An investigation into the relationship between executive function, psychological distress and awareness following acquired brain injury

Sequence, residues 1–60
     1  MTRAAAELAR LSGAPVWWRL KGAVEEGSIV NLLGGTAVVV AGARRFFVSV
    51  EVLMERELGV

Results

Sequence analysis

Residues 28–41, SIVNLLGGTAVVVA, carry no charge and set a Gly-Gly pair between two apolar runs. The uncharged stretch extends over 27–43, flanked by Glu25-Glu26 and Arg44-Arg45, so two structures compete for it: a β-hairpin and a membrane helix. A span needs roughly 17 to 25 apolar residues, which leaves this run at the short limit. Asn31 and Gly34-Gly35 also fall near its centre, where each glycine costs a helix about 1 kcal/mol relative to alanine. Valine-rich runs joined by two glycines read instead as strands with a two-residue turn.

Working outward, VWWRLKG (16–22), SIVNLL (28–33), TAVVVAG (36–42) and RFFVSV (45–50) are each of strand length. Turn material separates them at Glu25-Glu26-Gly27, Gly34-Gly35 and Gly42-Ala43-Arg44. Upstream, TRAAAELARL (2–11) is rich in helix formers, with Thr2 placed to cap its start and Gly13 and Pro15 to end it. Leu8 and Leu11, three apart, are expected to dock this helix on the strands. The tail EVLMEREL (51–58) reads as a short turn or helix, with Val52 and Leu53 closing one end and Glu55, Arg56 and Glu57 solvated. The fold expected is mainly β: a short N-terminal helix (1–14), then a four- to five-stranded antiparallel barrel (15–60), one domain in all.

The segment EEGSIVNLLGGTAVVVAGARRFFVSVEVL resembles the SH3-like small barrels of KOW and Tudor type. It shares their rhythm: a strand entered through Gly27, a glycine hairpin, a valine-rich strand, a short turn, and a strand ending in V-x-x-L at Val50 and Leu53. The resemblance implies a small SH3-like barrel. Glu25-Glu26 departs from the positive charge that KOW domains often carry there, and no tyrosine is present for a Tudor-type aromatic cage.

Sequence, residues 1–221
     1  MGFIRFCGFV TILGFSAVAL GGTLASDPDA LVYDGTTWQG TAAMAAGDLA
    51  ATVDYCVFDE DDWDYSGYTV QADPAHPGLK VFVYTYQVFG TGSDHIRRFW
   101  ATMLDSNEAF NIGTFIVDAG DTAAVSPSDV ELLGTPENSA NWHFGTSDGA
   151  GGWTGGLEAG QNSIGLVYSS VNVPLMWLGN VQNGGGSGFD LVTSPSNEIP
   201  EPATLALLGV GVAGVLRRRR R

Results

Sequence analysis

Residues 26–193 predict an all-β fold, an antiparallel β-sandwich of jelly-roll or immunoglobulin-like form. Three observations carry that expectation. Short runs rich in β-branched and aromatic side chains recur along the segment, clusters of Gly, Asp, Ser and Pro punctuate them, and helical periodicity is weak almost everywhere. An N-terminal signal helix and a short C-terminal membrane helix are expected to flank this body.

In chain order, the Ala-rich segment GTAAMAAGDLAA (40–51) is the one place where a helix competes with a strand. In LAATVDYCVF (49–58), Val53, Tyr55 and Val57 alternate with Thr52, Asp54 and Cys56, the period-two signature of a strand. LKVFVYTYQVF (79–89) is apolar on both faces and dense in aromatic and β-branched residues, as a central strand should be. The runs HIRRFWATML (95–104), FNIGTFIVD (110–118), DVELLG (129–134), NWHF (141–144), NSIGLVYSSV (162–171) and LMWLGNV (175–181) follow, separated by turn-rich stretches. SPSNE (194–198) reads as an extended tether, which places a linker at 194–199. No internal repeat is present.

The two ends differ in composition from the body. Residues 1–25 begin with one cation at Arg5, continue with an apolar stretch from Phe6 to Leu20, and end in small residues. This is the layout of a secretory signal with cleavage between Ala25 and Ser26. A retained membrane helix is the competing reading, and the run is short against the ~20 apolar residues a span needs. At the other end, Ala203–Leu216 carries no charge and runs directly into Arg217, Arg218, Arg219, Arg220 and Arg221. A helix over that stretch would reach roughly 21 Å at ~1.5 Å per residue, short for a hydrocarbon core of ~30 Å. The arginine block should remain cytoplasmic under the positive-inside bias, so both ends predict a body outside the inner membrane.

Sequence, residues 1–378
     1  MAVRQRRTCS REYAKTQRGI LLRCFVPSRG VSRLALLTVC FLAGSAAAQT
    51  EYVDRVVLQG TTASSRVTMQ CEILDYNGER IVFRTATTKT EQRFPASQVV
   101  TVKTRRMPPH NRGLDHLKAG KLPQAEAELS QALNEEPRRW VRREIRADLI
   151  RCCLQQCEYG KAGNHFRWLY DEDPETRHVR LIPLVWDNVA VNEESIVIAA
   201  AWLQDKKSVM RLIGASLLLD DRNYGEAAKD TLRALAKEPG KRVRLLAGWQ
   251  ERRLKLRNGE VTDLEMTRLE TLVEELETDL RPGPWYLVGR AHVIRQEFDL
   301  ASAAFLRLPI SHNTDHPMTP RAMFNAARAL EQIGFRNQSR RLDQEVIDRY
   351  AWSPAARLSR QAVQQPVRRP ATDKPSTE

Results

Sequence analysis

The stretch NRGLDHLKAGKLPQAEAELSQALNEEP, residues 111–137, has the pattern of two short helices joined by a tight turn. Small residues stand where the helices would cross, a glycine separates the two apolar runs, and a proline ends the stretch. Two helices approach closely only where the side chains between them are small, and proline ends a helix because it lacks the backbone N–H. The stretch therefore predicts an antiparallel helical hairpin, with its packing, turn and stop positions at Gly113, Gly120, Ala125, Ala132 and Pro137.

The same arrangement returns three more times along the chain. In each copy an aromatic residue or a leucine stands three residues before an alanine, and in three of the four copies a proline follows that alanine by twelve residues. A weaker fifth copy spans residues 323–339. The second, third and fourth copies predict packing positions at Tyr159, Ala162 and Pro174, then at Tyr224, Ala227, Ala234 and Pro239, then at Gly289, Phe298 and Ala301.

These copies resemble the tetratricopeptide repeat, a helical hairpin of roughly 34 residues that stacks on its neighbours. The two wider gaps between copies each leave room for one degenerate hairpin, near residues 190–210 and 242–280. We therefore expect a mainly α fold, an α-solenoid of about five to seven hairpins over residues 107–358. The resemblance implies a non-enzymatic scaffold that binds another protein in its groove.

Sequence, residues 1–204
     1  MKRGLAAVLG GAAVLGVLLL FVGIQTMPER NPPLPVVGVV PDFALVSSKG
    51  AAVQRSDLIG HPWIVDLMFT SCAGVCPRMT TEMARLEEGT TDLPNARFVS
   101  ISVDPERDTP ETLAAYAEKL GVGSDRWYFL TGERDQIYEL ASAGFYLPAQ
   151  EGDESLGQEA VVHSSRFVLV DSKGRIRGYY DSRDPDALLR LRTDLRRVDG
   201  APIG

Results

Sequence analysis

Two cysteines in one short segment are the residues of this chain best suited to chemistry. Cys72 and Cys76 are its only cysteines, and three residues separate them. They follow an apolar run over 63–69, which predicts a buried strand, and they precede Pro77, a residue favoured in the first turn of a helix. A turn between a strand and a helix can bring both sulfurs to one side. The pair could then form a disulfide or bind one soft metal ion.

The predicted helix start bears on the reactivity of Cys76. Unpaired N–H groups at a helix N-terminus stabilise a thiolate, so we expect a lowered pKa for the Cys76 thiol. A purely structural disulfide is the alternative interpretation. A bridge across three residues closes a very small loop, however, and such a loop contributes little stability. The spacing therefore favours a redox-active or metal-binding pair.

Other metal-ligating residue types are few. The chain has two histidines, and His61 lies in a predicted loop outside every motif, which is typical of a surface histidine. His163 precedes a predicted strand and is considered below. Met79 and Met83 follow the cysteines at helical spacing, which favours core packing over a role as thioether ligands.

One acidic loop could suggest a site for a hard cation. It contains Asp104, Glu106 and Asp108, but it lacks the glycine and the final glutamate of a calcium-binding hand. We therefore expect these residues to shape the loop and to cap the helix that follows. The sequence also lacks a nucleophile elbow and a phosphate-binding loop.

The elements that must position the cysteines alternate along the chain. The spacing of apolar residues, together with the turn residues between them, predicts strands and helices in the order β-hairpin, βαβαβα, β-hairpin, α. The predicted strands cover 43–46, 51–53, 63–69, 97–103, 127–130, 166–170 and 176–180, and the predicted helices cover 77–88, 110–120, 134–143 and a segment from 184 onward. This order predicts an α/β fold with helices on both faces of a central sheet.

Variations in awareness, psychological distress and executive function have been shown to impact on rehabilitation potential. In addition, following an acquired brain injury (ABI) risk of suicide is increased. Recently there has been an emphasis on improving awareness of disability as it has been shown to improve rehabilitation potential. However, increased awareness has been associated with increased psychological distress. If focus is on improving awareness following an ABI, increased psychological distress is likely to be observed, increasing the risk of disengagement and also suicide. In this study, the interaction of psychological distress, awareness and executive function was investigated with 64 participants who had sustained an ABI. Measures used included the BADS; DEX; HADS; and PCRS (for 19 out of the 64 participants). Awareness was positively correlated with psychological distress, depression and anxiety. It was also negatively correlated with behavioural ratings of the dysexecutive syndrome and with two of the subtests from the BADS. No significant correlation was found between psychological distress and executive function. Finally, a model is proposed suggesting how behavioural ratings of executive function and self report of psychological distress can predict awareness. It was concluded that for some individuals with poor awareness, focusing on improving awareness can be helpful. For those with good awareness, this approach may be detrimental to their emotional well being. In addition, it is concluded that awareness can not be predicted by test of executive function.